But the sport was abuzz.

"If you have a communication breakdown anywhere," said Indians Manager Terry Francona, asked about the issue before his own team's fifth game against the Yankees in Cleveland, "you're probably going to embarrass yourself."

Yet Strasburg provided the balm, all but obliterating the embarrassment. Within hours of blistering criticism he neither heard nor cared about, he lifted himself and his team at once. How good was he?

"Whoo," Murphy said. "Man."

What else to say?

What's important: Strasburg afforded this franchise nine more innings. How will they play out? Buckle up.

"Is Gio going tomorrow?" Murphy asked, genuinely. Roark, of course, could pitch. But so could the lefty, Gio Gonzalez, who started Game 2 — the Nationals' other victory in the series.

So, Daniel, we don't yet know.

"All right," he said. "Cheers. We'll find out when they announce it. Game 5, we'll take it."

The Nationals — and primarily General Manager Mike Rizzo, Manager Dusty Baker and pitching coach Mike Maddux — had some serious strategy to think through on the flight home. Who will start Game 5?

"I'm not sure," Baker said. "I'm not trying to be coy at all, because that was the theme of the day with Stras."

And, collectively, we're all trying to move on from that.

There is an argument that Gonzalez, who has not made a relief appearance since 2009, is the obvious choice to start, with Roark behind him. But, if Roark starts, Cubs Manager Joe Maddon would probably start his left-handed-hitting lineup — featuring slugger Kyle Schwarber — and Baker would be able, then, to insert Gonzalez in the middle innings and force Maddon to bench some of his best players.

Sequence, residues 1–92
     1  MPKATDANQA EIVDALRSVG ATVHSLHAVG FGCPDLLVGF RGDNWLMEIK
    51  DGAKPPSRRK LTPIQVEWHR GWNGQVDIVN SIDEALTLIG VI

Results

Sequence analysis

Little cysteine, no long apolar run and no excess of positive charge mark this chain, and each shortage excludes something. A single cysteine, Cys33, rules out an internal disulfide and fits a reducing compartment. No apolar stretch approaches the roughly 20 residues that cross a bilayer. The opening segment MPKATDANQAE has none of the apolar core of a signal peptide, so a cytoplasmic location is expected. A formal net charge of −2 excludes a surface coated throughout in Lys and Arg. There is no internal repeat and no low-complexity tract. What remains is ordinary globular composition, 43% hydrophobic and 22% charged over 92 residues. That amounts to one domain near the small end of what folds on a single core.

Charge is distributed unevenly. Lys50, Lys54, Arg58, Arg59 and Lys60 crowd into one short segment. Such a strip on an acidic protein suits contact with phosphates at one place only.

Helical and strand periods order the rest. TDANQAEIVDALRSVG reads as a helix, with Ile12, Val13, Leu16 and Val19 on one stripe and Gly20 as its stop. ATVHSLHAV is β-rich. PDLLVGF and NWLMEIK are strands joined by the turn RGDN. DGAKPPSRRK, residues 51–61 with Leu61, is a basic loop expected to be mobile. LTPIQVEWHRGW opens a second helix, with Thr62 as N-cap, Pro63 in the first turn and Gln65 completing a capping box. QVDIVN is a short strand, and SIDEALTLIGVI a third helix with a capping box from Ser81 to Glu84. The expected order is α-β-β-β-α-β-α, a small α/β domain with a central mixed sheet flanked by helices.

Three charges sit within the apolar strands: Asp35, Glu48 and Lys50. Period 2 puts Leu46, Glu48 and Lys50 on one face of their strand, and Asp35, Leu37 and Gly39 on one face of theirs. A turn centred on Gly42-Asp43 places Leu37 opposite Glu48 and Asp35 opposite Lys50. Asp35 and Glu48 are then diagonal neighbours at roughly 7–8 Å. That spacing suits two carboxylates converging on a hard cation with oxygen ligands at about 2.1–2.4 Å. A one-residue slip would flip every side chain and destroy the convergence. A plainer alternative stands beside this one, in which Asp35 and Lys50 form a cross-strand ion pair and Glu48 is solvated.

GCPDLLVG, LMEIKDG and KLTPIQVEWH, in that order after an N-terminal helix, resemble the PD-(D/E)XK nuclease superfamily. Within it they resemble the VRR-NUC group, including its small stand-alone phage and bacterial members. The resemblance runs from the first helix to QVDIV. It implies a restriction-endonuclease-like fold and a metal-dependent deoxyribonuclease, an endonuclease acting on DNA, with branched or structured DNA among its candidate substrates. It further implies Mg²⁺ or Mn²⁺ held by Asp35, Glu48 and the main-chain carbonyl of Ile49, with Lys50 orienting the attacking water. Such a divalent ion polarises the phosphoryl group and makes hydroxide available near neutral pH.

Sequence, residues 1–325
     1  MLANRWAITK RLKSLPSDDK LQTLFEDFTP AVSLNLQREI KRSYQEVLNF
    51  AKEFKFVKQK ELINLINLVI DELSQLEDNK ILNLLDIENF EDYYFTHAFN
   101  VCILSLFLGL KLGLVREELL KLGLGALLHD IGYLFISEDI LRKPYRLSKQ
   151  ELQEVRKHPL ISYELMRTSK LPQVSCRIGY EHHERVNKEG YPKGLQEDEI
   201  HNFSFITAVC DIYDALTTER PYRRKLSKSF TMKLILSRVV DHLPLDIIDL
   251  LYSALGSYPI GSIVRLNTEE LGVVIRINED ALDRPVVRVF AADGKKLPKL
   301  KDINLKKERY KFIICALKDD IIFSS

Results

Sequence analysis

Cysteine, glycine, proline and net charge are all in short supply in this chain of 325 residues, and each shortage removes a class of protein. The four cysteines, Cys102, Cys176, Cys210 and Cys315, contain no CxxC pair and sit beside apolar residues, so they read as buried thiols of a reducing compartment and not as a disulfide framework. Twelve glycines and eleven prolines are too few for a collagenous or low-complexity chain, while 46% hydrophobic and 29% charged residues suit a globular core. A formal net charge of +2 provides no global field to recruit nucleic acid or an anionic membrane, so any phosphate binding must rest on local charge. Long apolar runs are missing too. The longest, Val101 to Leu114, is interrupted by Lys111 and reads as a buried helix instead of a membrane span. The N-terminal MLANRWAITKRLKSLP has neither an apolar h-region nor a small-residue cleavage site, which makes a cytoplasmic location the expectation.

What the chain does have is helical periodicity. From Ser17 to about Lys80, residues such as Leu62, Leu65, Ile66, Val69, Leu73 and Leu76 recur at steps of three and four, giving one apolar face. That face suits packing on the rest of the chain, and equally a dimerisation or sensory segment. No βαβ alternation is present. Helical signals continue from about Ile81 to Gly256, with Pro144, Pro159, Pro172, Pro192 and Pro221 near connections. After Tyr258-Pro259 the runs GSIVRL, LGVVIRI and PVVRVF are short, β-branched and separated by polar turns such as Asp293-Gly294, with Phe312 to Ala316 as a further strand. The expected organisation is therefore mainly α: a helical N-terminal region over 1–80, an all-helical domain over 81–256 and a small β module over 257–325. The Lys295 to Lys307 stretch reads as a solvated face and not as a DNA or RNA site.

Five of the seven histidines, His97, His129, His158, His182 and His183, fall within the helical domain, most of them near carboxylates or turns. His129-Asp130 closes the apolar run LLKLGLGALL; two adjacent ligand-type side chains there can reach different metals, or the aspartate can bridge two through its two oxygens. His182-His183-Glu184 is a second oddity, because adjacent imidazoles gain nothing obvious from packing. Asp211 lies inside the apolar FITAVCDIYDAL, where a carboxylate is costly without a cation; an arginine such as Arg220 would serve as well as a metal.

Oh, the strategy of it all.

The Nationals, though, would appear to have the — don't say it, don't say it, don't say it — advantage. Against Kyle Hendricks, you say? He's the guy who put the Nats in this series-long slump to begin with, what with his seven innings of two-hit ball in Game 1. Even now, with the series tied, the Nats are hitting .130. How does this group have an advantage — against him?

"I felt like this game gave us a little energy," Taylor said.

"Momentum's huge," said shortstop Trea Turner, who finally got on base.

But consider what the Nats can throw at the Cubs, and what the Cubs can't throw at the Nats. Start Gonzalez or Roark. Go to the other at the first sign of trouble. Plus, Max Scherzer — he of the two Cy Young Awards and the no-hit stuff — had told Baker he was available for one inning Wednesday. He didn't throw it. Couldn't he give two Thursday?

You know who couldn't give two in relief of Hendricks? Cubs lefty Jon Lester, who was brilliant in a 3⅔ -inning stint in Game 4. But he's spent, a weapon no longer.

And the Cubs' "best" relievers are now shaky, too. Would Maddon really turn to Carl Edwards Jr. again? Edwards coughed up Harper's series-altering homer in Game 2. On Wednesday, he faced two batters and walked them both, setting up Taylor's grand slam — which came off closer Wade Davis. The world champs, they have chinks in the armor, and they're significant.

So Game 5, again.

"There's only a couple of us on this team that have been to the top," veteran outfielder Jayson Werth said. "I want us to experience it. I want to get to the top. . . . Tomorrow's a big day. We've got to win tomorrow."

Do that, move on to the 4,762nd day in Nationals history, and the insanity of Wednesday will be overshadowed not only by Strasburg's performance, but by something more important: A step this franchise has never taken before.